Chapman is a former Jacksonville State star who spent last summer in Ravens training camp as an undrafted rookie before spending much of the regular season on the New England practice squad. In an effort to quicken the transition from small college player to NFL action, Chapman spent the spring playing for Cologne in NFL Europe. He finished second in the league with 718 yards on 126 carries (5.7 avg.) with five touchdowns. Chapman clearly has some natural ability and he will spend the preseason proving he can transform that into production against true NFL caliber talent. While he likely faces an uphill battle for a roster spot, he could be an option for the future.
Birmingham is a versatile athlete who returned punts and kickoffs in his time at Arkansas. He finished his career with 1,151 yards on 233 carries in the backfield while averaging 21.7 yards on 61 kickoff returns and 10.5 yards on 52 punt returns. Considering the depth the team has in the return game, the 5-10, 210-pound Birmingham faces a crowded fight for opportunities to showcase his skills in the preseason.
Charles joins New England as an undrafted rookie free agent after an injury slowed senior season at Marshall in which he rushed for 805 yards on 178 carries with five touchdowns. The 6-1, 215-pound Brooklyn, N.Y. native entered the 2004 college season on the Doak Walker Award Watch List, expected to be one of the top backs in the country after a junior season in that saw him rush for 1,039 yards and 12 touchdowns. Charles is an intriguing talent who bears watching as a possible practice squad candidate.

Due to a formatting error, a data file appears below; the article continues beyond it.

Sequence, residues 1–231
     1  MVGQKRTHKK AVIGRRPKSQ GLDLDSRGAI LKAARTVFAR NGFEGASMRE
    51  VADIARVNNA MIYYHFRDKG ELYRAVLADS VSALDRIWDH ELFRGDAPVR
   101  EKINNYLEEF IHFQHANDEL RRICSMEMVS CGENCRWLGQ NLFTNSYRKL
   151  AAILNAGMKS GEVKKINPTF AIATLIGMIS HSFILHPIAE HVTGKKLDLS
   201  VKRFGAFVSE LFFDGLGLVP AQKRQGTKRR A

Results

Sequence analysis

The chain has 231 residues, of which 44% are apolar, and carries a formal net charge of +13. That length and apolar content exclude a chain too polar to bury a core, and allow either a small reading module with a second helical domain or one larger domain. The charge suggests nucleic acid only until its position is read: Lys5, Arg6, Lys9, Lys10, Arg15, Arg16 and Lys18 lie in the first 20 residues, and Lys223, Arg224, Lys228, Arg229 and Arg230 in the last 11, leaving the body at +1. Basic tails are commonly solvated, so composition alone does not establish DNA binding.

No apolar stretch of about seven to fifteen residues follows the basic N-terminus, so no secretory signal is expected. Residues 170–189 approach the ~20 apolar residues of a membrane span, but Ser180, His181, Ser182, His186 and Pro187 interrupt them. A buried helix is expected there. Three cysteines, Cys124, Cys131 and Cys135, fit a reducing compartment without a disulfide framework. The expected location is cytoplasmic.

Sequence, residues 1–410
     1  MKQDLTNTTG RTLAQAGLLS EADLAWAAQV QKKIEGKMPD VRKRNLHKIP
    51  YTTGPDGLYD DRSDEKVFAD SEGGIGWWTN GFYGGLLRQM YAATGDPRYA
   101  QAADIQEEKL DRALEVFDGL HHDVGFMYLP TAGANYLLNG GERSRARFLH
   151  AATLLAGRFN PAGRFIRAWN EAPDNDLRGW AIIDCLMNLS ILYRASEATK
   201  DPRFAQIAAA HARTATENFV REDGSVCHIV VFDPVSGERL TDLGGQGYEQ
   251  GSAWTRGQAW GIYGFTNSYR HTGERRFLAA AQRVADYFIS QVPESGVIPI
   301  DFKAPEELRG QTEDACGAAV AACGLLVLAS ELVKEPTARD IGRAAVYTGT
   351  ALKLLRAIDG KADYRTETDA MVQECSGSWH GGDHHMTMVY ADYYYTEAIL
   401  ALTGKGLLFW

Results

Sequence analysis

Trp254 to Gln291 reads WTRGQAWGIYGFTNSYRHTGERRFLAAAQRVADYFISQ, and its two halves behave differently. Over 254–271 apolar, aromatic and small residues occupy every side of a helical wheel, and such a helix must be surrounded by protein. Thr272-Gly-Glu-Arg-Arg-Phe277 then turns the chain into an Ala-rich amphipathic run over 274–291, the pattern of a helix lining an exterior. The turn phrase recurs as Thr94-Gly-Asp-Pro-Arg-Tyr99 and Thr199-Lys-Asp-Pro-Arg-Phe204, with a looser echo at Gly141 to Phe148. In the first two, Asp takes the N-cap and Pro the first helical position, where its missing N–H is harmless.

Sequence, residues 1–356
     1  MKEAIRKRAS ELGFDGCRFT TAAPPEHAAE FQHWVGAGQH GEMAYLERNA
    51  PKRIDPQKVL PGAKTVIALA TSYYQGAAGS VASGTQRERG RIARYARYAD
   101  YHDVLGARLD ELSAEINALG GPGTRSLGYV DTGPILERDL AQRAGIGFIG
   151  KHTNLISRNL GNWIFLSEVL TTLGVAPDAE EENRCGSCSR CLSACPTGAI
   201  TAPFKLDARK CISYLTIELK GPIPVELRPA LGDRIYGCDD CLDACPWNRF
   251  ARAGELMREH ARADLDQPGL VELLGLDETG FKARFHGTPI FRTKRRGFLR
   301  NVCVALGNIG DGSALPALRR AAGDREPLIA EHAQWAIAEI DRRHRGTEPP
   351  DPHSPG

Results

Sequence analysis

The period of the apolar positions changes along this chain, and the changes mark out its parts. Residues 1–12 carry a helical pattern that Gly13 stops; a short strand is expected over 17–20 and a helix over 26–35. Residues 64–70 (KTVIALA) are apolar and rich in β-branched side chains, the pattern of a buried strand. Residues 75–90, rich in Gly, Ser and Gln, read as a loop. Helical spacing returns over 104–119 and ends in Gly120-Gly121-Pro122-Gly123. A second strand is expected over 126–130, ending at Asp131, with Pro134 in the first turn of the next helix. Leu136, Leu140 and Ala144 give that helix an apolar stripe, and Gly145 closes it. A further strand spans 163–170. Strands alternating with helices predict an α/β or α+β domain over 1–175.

]()Joining Faulk in the third-down role, if necessary, is free agent return specialist addition Chad Morton. While Morton's main role in his five NFL seasons has been in the return game, the former Redskin does have 88 career carries for 360 yards and 48 receptions for 419 yards and one touchdown. If he earns a roster spot it will likely come on special teams, but his value as an emergency running back could play a slight factor.